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John_D

Montine Electronic

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I bought this watch on eBay last week. The seller said Have not replaced battery, may work but selling as spares and repairs. 

fEimoMM.jpg

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I usually take these statements with a pinch of salt, but it looked quite clean even though the crystal was quite badly scratched and it appeared to have the original bracelet (since identified as a VERY expensive Swiss made NSA one:cool:) and with a £22 winning bid looked to be worth a go....

 Well it arrived yesterday and from the build up of very old, and dried up, detritus all around the back to case join it was obvious that no one had removed the back for a while (at this point I just hadn't realised how long ago that 'while' was:scared:) . So the seller wasn't telling 'porkies' he hadn't tried a new battery in it:thumbsup:. Not wishing to transfer all of the dirt into the watch on opening I cleaned the outside of the case with a drop of WD40 and an electric toothbrush. I opened the watch and was confronted with a very clean looking ESA 9157 movement, with a battery still in place. At this point I did notice that the designation on the battery, while being made by 'Renata', was one I was not at all familiar with....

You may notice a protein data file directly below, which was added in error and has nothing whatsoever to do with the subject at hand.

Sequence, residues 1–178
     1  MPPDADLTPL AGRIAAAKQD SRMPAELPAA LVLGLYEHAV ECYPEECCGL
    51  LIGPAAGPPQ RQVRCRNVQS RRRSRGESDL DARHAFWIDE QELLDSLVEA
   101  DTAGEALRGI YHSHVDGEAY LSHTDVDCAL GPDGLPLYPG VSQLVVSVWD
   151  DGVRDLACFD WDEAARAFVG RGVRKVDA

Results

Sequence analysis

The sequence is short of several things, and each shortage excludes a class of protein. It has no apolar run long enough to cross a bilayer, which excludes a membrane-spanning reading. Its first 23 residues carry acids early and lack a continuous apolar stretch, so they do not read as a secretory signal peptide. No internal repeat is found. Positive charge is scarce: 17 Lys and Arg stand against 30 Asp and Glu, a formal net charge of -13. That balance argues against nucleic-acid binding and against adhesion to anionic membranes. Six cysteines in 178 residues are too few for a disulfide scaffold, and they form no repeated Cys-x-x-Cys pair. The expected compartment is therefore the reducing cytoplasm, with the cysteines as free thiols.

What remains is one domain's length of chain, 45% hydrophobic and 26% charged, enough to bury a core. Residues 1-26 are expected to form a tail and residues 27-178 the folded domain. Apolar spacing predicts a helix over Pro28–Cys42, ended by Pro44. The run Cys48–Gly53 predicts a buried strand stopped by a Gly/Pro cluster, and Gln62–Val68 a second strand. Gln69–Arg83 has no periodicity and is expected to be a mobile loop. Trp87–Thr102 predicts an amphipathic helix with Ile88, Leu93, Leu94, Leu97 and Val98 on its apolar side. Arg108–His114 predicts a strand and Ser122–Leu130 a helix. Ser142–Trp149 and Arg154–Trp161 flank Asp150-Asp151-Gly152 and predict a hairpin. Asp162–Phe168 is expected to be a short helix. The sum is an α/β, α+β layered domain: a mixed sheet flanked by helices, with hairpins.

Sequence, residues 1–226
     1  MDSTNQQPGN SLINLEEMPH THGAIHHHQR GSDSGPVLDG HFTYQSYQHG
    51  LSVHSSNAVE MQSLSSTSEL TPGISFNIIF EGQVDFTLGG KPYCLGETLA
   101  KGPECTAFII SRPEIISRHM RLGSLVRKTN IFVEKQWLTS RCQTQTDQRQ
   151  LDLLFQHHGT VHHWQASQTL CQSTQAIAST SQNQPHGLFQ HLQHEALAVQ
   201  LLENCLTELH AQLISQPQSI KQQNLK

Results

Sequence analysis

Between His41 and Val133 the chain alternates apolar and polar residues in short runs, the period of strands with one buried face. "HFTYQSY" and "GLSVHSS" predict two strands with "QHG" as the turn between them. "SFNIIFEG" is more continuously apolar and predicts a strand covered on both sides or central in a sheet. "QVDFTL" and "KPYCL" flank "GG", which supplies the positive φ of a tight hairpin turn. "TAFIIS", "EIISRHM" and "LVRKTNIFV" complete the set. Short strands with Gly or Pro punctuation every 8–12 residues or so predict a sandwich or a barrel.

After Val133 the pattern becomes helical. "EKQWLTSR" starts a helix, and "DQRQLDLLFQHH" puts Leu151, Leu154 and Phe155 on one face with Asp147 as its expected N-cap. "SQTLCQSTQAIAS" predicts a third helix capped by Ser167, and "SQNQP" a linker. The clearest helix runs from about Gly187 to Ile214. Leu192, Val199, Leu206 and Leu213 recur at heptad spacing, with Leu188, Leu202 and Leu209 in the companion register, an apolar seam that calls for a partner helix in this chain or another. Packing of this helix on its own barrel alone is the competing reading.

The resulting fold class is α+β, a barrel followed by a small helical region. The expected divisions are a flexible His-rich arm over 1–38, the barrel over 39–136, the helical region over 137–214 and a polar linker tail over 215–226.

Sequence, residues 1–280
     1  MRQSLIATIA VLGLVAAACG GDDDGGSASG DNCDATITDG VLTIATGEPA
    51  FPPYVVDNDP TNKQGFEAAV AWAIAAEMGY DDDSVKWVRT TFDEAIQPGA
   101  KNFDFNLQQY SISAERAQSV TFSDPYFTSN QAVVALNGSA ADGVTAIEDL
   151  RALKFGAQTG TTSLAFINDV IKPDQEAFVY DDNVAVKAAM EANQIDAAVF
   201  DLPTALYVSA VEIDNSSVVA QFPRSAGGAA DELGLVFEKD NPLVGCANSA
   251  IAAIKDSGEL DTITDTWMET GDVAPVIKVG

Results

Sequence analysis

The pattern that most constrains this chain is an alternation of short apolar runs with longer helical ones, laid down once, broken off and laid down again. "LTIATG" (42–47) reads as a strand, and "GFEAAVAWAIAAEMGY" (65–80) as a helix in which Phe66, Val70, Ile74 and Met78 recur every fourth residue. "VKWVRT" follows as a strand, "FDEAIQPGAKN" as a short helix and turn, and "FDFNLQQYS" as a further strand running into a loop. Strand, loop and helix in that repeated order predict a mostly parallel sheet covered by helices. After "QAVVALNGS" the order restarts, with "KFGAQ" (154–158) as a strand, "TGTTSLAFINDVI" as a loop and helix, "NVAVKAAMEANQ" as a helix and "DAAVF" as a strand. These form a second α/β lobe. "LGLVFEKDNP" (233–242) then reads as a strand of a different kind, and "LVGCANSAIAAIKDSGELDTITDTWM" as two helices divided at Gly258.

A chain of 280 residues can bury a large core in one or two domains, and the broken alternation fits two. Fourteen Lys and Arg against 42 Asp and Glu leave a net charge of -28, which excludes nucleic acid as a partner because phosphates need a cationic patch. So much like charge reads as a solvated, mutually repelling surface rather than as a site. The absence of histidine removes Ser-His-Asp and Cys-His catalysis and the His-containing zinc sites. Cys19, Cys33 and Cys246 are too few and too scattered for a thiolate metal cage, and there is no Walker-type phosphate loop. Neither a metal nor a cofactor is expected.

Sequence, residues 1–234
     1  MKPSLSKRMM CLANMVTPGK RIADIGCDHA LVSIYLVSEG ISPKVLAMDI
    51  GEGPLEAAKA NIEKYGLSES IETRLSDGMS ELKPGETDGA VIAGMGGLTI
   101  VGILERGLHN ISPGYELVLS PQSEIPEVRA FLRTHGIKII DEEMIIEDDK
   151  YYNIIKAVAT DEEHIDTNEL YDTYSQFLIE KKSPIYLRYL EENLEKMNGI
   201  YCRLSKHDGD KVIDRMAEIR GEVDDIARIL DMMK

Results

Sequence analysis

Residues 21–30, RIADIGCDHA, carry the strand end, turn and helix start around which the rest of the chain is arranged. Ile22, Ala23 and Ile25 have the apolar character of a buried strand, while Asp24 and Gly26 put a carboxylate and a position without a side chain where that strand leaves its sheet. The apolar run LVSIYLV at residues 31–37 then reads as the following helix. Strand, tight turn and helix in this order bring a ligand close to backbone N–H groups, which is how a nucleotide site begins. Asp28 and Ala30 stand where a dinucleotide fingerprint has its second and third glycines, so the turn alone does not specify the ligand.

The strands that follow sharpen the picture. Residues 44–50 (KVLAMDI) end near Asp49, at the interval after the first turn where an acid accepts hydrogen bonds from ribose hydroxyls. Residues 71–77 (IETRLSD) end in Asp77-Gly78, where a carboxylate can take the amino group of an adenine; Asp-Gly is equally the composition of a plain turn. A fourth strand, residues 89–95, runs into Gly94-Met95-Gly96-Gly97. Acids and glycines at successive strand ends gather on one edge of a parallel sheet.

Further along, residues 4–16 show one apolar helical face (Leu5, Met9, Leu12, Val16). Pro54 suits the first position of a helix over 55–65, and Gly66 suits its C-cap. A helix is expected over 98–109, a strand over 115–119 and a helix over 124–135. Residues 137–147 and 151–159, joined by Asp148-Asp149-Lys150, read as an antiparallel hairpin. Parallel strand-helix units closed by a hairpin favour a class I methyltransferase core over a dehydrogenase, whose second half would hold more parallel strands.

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On removal there was minimal signs of leakage so I cleaned up the movement contacts with some alcohol and a cotton bud and looked for a similar sized new battery amongst my 'stock' , which fortunately wasn't a problem. On putting the battery in, even prior to attempting to get the top clamp in place to my surprise and delight the balance started up and continued to oscillate:clap: